Shutterstock 257475118 kmpcom

Image: Shutterstock

If you’ve lived in Houston for any length of time, you’ve probably noticed that the fall and winter weather is, in a word, unpredictable. Unseasonably warm, muggy days can give way to brisk, chilly weather in a matter of hours. This doesn’t have to mean avoiding the outdoors and hibernating in the gym. With proper layering and planning, the only thing you’ll have to sweat this winter is your workout.

Fabric is Key

Just say no to cotton. While this classic fabric can do its job during light workouts, any amount of sweat or rain can quickly water-log your clothing.  Due to the slow drying time of cotton, moisture can get trapped against the skin causing rapid heat loss and extra friction—think chafing.  Instead, look for clothing that advertises “water-wicking” capabilities or “technical fabric” that draws moisture away from skin and encourages fast evaporation.  Consider technical fabric for each piece of gear that will be in contact with skin, including socks, hats, and sports bras. One exception where cotton is best? There’s nothing else quite as cozy as a warm and dry change of clothing when your workout is done.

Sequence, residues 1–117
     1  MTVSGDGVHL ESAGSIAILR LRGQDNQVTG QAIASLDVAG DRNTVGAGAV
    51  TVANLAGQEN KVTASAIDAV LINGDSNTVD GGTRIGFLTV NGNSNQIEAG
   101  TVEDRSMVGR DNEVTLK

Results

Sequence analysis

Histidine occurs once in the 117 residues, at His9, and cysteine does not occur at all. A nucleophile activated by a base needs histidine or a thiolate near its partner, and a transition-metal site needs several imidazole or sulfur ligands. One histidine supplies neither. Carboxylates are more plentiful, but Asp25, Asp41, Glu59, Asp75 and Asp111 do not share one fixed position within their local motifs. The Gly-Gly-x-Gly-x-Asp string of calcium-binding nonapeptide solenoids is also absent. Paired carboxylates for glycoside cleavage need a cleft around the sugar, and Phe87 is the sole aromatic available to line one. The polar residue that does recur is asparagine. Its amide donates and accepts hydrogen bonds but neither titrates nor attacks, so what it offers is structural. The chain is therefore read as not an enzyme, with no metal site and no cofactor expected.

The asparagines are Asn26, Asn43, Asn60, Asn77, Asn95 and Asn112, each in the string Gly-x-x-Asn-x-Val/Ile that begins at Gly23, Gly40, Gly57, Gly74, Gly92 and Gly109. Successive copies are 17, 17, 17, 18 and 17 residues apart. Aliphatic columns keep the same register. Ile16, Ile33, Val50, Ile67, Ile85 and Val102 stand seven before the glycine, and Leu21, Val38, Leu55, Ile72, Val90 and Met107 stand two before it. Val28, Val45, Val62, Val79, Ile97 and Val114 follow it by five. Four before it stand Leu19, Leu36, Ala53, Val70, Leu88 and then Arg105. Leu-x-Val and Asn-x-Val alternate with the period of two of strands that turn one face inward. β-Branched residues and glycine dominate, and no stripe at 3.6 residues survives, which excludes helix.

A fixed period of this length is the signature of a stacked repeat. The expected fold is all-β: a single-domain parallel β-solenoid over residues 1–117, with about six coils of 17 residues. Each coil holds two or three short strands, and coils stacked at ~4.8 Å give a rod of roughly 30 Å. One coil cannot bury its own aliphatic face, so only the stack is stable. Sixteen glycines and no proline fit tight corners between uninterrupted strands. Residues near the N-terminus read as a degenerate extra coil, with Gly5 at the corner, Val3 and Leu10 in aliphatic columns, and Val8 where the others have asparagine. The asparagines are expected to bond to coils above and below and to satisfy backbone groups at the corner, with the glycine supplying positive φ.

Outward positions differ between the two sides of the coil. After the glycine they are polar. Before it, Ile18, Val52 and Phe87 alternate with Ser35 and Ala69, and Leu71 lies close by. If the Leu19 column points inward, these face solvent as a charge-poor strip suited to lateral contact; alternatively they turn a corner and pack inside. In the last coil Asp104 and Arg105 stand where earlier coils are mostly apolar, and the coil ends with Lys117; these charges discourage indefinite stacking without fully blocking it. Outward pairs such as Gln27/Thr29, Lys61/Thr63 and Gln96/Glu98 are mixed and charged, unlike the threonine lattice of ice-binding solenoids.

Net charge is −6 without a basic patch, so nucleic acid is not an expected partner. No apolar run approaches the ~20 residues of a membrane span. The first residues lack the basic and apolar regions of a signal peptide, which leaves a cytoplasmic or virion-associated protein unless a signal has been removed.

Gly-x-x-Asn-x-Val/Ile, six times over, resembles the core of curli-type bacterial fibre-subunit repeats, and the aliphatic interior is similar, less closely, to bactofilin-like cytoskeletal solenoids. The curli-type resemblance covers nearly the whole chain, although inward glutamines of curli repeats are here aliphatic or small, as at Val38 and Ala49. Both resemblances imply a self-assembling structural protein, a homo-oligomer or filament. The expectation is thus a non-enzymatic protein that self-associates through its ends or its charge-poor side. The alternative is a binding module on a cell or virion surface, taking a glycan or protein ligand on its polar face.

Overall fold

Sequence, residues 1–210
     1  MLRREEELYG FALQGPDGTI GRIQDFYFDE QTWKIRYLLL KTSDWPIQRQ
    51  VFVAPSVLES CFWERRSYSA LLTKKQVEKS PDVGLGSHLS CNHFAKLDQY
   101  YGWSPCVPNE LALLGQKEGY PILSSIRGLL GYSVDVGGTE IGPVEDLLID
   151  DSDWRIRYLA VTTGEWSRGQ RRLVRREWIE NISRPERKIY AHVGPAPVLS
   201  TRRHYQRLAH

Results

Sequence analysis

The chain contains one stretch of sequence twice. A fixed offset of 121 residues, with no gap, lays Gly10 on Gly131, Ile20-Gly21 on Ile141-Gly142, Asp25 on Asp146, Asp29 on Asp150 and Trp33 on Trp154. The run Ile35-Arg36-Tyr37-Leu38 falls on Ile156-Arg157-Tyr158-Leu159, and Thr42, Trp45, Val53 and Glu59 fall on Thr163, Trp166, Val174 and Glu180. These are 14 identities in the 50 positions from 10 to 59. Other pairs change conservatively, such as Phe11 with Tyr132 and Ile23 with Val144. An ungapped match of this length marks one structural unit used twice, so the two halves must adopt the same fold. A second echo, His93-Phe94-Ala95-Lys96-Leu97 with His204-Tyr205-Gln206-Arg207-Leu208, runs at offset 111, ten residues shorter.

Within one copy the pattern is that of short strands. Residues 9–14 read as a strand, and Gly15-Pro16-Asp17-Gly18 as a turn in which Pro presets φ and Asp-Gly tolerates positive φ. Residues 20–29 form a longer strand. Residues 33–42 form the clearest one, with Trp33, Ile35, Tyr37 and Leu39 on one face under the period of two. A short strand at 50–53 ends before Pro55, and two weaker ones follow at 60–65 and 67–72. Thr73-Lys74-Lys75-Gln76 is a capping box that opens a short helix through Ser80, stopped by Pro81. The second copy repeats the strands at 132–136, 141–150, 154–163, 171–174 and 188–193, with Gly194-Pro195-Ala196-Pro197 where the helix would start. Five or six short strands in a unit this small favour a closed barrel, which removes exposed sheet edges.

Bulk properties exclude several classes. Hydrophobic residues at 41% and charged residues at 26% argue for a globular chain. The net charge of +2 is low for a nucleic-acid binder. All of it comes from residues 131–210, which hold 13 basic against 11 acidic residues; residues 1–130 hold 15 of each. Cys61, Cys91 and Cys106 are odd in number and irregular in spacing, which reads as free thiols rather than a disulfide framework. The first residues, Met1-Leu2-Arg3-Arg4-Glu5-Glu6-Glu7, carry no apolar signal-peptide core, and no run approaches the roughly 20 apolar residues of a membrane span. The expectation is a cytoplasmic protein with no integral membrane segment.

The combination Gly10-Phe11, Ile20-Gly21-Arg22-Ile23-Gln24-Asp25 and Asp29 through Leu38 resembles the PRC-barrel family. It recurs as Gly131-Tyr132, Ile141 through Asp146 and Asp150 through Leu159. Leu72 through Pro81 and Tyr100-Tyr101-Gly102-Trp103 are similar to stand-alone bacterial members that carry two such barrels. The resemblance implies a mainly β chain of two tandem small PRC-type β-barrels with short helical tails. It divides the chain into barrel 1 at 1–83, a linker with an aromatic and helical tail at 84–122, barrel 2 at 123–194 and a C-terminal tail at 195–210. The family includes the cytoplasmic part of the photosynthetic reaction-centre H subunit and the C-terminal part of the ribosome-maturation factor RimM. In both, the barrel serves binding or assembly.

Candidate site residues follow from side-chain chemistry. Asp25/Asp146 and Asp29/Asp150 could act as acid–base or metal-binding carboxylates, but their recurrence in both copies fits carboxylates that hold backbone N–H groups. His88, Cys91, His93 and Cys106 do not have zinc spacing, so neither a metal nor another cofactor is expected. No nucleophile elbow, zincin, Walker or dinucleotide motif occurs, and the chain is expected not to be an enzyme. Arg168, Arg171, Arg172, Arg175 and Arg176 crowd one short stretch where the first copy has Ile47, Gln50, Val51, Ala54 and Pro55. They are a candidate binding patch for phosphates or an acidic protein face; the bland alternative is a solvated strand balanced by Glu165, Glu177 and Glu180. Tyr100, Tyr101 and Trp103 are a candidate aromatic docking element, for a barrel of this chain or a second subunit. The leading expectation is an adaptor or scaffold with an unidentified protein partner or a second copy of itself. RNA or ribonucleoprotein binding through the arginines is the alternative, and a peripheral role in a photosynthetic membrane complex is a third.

Buff uv half black nzxqbm

Small Accessories, Big Impact

Winter in Houston often means coping with chilly mornings and warm afternoons. Easily removable accessories such as gloves, beanies, and arm warmers are highly effective at trapping heat in the extremities. Simply tuck them into your waistband or pocket when no longer needed. For a versatile piece that can be used year-round, a Buff is a worthwhile investment. Buffs are made of sweat-wicking, UV blocking material and can be folded into a headband/sweatband, neck warmer, face protector or head covering.

Be Visible

After setting our clocks back for daylight saving time, many of us find ourselves exercising in the dark more often that not. Be sure to wear brightly colored or reflective clothing and carry a blinking light if you’re going to be on or near busy streets.

Layer Up

The general rule of thumb is to dress as if the outside temperature is 10 degrees higher than reality. This will allow your body to warm up as you exercise without getting overheated and uncomfortable.  If rain is in the forecast, you may want to add an extra water-wicking layer and a hat with a brim to shield your face.

Quick Reference Layering Guide:

  • 65°F and up: Light shirt or tank and shorts. Optional: hat or sweatband. 
  • 55°-64°F: Short sleeve shirt and shorts. Optional: arm warmers.
  • 45°-54°F: Long sleeve shirt and shorts or tights. Recommended: gloves. 
  • 35°-44°F: Two layers of shirts and tights or pants. Recommended: gloves, hat, and ear warmers.
  • 34°F and under: Are you sure you live in Houston?
Show Comments